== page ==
2. Do a diet trial for at least six weeks. Owners also recommend this. Either use home cooked food generally avoiding chicken and rice and concentrating on fish based and unusual meat proteins ( things the dog hasn’t tried before therefore might not be allergic to). Lamb, venison, sweet potato, potato are mentioned, or try a hydrologised canine prescription diet from your vet.
  3. If no improvements to using both steps above – you probably have atopic dermatitis. Hope that it is this and not malassesia ( see separate short note at the end about this condition).


So, your companion has been diagnosed with atopic dermatitis. Now what? this is the list from owners whose individual ideas have worked for their hounds:

  • 3/4 teaspoonful of coconut oil added to diet daily ( this also helps the digestion I hear)
  • keeping ears checked and cleaned using ear cleaners recommended by your vet.
  • hypoallergenic foods, or feeding a raw diet such as Nature’s Diet or Natural Instinct ( its true that owners who feed raw have dogs with stunningly glossy coats).
  • One Piriton allergy tablet given am and one pm together with a steroid spray from vet.
  • Yumega Omega 3 oil daily given with food, dose as instructed.
  • Regular baths in oatmeal ( soothing) or hibiscrub ( again, from your vet).
  • Wipes, to face and body of hound on returning from walks, to remove any grass pollen spores.
  • Try boosting the immune system. One contact used Elagen, from a small firm in Wales called Eladon, and swears by this product.
  • Three owners, having spent up to £1,000 at vets and otherwise despairing of their dogs ever being free from the itches, used a particular homeopathic practitioner and now recommend her to everyone. ( Labrador and two Irish wolfhounds).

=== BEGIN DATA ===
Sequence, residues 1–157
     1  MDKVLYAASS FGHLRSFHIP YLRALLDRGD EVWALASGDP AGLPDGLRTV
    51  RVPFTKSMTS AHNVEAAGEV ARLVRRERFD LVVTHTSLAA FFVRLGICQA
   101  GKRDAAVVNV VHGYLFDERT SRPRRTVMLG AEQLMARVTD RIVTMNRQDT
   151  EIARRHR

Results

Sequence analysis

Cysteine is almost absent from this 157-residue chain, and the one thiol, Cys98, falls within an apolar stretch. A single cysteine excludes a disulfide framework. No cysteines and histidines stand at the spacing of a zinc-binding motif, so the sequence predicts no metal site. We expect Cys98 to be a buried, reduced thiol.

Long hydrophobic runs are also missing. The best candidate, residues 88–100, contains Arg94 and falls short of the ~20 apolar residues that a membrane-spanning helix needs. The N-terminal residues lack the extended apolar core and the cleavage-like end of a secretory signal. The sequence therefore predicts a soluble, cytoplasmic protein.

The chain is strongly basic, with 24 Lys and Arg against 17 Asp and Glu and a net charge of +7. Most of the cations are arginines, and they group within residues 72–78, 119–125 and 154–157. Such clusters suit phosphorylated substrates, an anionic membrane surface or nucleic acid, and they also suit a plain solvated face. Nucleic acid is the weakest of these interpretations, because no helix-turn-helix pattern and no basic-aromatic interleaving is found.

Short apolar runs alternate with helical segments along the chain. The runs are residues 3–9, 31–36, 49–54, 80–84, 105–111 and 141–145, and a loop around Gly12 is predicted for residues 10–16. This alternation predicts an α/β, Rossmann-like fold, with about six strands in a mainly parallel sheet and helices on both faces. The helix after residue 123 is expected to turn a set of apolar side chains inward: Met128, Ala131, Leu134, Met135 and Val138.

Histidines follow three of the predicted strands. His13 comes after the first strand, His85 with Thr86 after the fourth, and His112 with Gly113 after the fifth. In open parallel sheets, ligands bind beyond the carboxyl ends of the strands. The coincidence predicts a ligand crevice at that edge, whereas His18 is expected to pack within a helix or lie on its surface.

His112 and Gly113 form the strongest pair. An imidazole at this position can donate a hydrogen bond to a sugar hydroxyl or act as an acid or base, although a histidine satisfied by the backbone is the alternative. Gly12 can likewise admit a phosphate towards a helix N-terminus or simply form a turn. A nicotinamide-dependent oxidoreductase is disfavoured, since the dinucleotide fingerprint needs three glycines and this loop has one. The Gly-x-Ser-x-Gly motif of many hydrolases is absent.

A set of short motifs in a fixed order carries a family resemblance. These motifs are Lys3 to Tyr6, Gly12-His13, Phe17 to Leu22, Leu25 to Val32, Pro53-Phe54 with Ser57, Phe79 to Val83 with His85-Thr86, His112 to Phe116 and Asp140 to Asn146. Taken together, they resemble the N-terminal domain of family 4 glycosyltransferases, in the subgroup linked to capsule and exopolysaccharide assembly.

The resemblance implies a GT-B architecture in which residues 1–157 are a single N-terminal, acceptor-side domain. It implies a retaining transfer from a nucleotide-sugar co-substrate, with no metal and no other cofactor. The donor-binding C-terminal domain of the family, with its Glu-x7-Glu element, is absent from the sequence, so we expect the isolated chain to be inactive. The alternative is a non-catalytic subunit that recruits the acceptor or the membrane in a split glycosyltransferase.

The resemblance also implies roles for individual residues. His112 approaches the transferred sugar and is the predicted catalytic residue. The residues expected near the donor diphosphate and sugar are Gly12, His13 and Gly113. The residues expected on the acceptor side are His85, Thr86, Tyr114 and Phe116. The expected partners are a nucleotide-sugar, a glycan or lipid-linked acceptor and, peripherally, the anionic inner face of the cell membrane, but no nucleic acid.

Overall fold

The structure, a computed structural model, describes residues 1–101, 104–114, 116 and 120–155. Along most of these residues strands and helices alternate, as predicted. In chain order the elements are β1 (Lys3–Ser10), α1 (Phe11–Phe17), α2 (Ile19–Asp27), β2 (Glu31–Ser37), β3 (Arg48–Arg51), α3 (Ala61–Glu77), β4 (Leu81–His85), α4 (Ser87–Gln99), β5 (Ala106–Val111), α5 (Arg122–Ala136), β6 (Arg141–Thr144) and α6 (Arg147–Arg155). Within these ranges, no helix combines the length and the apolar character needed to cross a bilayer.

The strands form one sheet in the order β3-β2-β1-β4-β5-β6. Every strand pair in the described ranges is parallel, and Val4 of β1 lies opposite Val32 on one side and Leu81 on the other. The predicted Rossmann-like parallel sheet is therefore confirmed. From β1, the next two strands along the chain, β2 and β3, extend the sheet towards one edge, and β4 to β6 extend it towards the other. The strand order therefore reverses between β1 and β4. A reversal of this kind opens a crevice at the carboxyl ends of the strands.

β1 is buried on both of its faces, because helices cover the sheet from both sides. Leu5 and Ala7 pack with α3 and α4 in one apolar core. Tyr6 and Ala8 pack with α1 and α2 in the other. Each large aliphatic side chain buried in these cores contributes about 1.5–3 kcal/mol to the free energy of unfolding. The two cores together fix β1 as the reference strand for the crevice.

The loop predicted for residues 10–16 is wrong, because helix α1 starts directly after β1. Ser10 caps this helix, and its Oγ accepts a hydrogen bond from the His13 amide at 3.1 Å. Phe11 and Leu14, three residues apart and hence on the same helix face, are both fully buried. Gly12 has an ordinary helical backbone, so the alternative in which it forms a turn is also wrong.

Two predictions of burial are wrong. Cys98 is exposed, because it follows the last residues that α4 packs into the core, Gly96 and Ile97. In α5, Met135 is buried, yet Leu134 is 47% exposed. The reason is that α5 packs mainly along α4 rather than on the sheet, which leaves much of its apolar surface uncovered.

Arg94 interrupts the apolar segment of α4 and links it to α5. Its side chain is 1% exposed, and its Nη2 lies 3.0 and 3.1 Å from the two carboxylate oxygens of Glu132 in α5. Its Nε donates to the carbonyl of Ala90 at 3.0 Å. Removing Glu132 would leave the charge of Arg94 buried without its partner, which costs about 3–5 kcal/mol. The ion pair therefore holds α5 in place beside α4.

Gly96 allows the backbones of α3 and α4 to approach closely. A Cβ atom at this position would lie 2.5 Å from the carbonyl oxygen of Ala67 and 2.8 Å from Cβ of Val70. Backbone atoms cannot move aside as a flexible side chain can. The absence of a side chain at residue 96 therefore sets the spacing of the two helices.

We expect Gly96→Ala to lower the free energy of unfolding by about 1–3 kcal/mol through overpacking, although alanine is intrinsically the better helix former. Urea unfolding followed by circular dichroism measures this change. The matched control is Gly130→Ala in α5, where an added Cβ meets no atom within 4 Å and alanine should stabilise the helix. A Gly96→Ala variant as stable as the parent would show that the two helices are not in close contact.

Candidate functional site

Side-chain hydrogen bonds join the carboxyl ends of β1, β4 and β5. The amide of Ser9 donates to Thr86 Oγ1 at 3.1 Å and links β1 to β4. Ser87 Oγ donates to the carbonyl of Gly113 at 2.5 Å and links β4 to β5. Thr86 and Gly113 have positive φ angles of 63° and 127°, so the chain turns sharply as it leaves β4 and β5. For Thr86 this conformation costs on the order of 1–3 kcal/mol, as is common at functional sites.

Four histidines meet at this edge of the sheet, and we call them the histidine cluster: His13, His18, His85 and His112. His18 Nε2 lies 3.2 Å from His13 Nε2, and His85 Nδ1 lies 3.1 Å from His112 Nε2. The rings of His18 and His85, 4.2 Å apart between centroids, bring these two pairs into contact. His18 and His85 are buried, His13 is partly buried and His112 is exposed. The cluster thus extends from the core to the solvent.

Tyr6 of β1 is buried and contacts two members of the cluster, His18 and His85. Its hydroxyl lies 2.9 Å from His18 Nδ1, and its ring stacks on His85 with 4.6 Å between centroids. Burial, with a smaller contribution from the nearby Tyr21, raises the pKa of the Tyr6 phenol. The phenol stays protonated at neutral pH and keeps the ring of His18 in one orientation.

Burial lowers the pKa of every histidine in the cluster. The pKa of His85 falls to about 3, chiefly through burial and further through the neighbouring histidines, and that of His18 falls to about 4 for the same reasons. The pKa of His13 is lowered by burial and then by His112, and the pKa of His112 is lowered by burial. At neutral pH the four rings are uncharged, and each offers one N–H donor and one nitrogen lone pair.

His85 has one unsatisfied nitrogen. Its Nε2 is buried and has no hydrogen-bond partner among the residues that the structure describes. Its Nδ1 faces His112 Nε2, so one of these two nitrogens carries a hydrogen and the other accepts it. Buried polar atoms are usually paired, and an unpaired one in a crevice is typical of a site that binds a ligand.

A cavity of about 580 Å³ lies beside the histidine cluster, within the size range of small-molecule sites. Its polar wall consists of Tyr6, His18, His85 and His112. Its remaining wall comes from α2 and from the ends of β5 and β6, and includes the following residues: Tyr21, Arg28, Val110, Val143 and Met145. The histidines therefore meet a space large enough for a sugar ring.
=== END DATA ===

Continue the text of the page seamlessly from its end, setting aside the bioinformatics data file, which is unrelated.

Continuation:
Your vet will have some treatments in their armoury. Most of us know about Apoquel, which does have a dramatic effect on some itchy dogs. Yet this has side effects and its not something to give open ended.

Your vet can do a blood test and you might pay for desensitising injections. I hear that when these work they work wonderfully well. A blood sample is sent to Artuvetin, Holland, who make up a specific vaccine based on the allergies they discover. At the moment the price is around £130 for 1-4 types of allergy ( and there are an awful lot of different types of grasses and tree pollens to test for) and c.£180 for 5-8 types of allergy. This is the information on costs from one practice only, ask at your own as all will vary.  Your vet will charge for the initial “loading” which is followed by monthly injections. Each vial can last 12 months, so it will be cost effective. I know a wolfhound who maintained a healthy skin on this regime until he died aged over ten. He had also been moved onto a natural “BARF” diet.